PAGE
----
The analysis and the prediction of sea level fluctuations are core requirements of marine meteorology and operational oceanography. Estimates of sea level with hours-to-days warning times are especially important for low-lying regions and coastal zone management. The primary purpose of this study is to examine the applicability and capability of extreme learning machine (ELM) and relevance vector machine (RVM) models for predicting sea level variations and compare their performances with powerful machine learning methods, namely, support vector machine (SVM) and radial basis function (RBF) models. The input dataset from the period of January 2004 to May 2011 used in the study was obtained from the Dongshi tide gauge station in Chiayi, Taiwan. Results showed that the ELM and RVM models outperformed the other methods. The performance of the RVM approach was superior in predicting the daily sea level time series given the minimum root mean square error of 34.73 mm and the maximum determination coefficient of 0.93 (R2) during the testing periods. Furthermore, the obtained results were in close agreement with the original tide-gauge data, which indicates that RVM approach is a promising alternative method for time series prediction and could be successfully used for daily sea level forecasts.

  10. "What is relevant in a text document?": An interpretable machine learning approach.

    Directory of Open Access Journals (Sweden)

    Leila Arras

    Full Text Available Text documents can be described by a number of abstract concepts such as semantic category, writing style, or sentiment. Machine learning (ML models have been trained to automatically map documents to these abstract concepts, allowing to annotate very large text collections, more than could be processed by a human in a lifetime. Besides predicting the text's category very accurately, it is also highly desirable to understand how and why the categorization process takes place. In this paper, we demonstrate that such understanding can be achieved by tracing the classification decision back to individual words using layer-wise relevance propagation (LRP, a recently developed technique for explaining predictions of complex non-linear classifiers. We train two word-based ML models, a convolutional neural network (CNN and a bag-of-words SVM classifier, on a topic categorization task and adapt the LRP method to decompose the predictions of these models onto words. Resulting scores indicate how much individual words contribute to the overall classification decision. This enables one to distill relevant information from text documents without an explicit semantic information extraction step. We further use the word-wise relevance scores for generating novel vector-based document representations which capture semantic information. Based on these document vectors, we introduce a measure of model explanatory power and show that, although the SVM and CNN models perform similarly in terms of classification accuracy, the latter exhibits a higher level of explainability which makes it more comprehensible for humans and potentially more useful for other applications.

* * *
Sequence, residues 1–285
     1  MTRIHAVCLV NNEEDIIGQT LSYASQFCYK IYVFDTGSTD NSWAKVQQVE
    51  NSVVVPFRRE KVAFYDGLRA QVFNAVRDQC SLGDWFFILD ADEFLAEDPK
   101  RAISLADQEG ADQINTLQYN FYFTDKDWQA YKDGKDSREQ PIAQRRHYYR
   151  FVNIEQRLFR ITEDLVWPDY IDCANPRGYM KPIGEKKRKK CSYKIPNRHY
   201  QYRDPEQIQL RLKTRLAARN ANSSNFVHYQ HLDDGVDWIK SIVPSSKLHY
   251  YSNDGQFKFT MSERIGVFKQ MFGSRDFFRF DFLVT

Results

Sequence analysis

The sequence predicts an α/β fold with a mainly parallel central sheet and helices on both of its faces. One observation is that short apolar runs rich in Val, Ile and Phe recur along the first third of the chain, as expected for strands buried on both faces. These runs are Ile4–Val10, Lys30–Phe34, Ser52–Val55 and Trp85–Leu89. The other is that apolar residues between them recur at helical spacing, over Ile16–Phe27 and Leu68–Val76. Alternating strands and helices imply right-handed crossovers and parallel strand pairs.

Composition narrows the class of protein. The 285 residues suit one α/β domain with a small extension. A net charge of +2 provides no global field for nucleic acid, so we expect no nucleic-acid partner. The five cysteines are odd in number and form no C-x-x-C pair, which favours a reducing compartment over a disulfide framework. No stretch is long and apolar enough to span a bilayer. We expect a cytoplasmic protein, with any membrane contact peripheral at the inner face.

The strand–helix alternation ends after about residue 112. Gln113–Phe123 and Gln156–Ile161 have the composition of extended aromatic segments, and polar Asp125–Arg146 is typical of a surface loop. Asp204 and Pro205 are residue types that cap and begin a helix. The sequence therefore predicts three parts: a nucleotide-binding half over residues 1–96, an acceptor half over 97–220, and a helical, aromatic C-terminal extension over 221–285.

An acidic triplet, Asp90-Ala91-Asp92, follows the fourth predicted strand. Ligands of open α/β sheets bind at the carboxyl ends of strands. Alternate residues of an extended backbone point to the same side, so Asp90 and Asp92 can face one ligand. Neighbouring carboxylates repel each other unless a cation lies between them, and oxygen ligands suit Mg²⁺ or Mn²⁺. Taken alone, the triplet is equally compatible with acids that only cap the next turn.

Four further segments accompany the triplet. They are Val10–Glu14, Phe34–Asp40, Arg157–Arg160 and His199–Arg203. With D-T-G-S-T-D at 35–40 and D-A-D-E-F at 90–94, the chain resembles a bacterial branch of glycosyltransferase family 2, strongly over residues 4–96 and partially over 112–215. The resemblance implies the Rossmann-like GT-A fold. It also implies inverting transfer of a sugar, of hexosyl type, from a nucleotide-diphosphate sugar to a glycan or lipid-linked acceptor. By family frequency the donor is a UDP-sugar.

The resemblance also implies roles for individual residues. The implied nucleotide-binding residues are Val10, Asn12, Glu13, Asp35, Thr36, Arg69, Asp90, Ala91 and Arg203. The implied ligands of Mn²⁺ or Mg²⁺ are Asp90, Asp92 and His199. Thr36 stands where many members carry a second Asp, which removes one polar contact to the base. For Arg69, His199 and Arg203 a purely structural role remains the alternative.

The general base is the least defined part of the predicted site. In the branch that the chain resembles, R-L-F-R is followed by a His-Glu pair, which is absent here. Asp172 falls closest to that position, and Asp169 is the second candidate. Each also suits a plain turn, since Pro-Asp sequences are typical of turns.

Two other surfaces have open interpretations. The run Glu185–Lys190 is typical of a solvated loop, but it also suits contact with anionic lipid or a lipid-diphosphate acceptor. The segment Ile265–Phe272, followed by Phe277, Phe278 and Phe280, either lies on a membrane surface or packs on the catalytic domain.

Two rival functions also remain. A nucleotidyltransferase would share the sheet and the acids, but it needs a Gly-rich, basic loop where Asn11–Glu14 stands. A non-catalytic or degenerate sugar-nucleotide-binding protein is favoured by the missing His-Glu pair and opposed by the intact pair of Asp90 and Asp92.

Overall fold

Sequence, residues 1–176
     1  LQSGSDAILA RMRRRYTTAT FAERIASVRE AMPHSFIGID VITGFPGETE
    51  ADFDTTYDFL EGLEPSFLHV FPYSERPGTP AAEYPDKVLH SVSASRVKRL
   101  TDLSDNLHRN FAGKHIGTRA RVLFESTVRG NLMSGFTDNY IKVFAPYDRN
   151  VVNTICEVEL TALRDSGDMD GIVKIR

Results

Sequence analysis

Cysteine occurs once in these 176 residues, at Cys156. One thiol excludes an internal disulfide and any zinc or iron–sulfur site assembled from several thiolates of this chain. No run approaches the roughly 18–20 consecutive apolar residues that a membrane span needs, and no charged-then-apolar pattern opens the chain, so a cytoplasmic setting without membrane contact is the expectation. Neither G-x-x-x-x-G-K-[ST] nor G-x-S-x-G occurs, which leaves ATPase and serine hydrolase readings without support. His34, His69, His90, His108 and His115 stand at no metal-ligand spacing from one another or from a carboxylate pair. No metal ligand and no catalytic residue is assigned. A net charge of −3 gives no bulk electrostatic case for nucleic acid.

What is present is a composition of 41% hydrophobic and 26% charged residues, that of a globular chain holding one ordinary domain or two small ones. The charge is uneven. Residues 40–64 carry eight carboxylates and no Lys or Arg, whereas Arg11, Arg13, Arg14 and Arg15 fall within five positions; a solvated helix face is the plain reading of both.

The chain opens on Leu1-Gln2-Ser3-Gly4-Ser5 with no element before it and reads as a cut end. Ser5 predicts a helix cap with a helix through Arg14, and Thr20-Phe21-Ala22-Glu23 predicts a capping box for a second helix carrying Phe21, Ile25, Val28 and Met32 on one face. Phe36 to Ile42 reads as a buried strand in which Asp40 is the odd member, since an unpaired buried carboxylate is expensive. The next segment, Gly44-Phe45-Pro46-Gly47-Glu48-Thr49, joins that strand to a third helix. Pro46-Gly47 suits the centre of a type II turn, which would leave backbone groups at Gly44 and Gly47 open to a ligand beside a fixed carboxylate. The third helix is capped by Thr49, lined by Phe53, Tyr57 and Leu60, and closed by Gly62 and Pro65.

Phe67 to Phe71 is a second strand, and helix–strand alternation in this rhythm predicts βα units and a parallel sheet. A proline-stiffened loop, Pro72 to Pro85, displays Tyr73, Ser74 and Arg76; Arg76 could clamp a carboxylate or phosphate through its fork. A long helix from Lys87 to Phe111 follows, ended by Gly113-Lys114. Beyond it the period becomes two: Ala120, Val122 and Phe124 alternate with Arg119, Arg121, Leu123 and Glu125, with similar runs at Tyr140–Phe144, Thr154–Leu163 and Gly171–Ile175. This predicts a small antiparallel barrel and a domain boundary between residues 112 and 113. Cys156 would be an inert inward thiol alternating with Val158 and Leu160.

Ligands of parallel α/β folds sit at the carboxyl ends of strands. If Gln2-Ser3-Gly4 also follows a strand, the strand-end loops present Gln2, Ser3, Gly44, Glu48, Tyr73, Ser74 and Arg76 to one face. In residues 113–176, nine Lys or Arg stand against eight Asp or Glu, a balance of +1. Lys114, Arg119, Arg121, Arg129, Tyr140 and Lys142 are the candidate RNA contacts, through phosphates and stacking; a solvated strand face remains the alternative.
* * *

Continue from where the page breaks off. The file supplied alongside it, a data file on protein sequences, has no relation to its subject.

11. Scene recognition based on integrating active learning with dictionary learning

    Science.gov (United States)

    Wang, Chengxi; Yin, Xueyan; Yang, Lin; Gong, Chengrong; Zheng, Caixia; Yi, Yugen

    2018-04-01

    Scene recognition is a significant topic in the field of computer vision. Most of the existing scene recognition models require a large amount of labeled training samples to achieve a good performance. However, labeling image manually is a time consuming task and often unrealistic in practice. In order to gain satisfying recognition results when labeled samples are insufficient, this paper proposed a scene recognition algorithm named Integrating Active Learning and Dictionary Leaning (IALDL). IALDL adopts projective dictionary pair learning (DPL) as classifier and introduces active learning mechanism into DPL for improving its performance. When constructing sampling criterion in active learning, IALDL considers both the uncertainty and representativeness as the sampling criteria to effectively select the useful unlabeled samples from a given sample set for expanding the training dataset. Experiment results on three standard databases demonstrate the feasibility and validity of the proposed IALDL.

  12. A Nap But Not Rest or Activity Consolidates Language Learning

    Directory of Open Access Journals (Sweden)

    Stefan Heim

    2017-05-01